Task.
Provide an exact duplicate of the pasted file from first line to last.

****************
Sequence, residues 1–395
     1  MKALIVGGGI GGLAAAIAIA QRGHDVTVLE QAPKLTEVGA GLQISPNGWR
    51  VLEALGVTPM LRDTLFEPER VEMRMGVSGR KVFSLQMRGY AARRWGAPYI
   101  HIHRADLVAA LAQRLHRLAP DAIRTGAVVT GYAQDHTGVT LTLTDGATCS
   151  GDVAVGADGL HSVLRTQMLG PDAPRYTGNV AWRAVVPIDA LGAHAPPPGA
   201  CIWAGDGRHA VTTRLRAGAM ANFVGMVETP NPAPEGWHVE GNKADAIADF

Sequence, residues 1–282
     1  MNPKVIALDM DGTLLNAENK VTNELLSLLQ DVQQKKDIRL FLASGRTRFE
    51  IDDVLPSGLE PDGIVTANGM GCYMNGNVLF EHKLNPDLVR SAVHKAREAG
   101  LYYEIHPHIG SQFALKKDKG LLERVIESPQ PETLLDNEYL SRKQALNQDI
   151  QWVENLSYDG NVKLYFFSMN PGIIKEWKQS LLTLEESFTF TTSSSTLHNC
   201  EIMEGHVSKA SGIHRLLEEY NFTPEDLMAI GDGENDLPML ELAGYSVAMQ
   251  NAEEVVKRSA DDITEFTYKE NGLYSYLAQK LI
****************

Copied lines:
Sequence, residues 1–395
     1  MKALIVGGGI GGLAAAIAIA QRGHDVTVLE QAPKLTEVGA GLQISPNGWR
    51  VLEALGVTPM LRDTLFEPER VEMRMGVSGR KVFSLQMRGY AARRWGAPYI
   101  HIHRADLVAA LAQRLHRLAP DAIRTGAVVT GYAQDHTGVT LTLTDGATCS
   151  GDVAVGADGL HSVLRTQMLG PDAPRYTGNV AWRAVVPIDA LGAHAPPPGA
   201  CIWAGDGRHA VTTRLRAGAM ANFVGMVETP NPAPEGWHVE GNKADAIADF

Sequence, residues 1–282
     1  MNPKVIALDM DGTLLNAENK VTNELLSLLQ DVQQKKDIRL FLASGRTRFE
    51  IDDVLPSGLE PDGIVTANGM GCYMNGNVLF EHKLNPDLVR SAVHKAREAG
   101  LYYEIHPHIG SQFALKKDKG LLERVIESPQ PETLLDNEYL SRKQALNQDI
   151  QWVENLSYDG NVKLYFFSMN PGIIKEWKQS LLTLEESFTF TTSSSTLHNC
   201  EIMEGHVSKA SGIHRLLEEY NFTPEDLMAI GDGENDLPML ELAGYSVAMQ
   251  NAEEVVKRSA DDITEFTYKE NGLYSYLAQK LI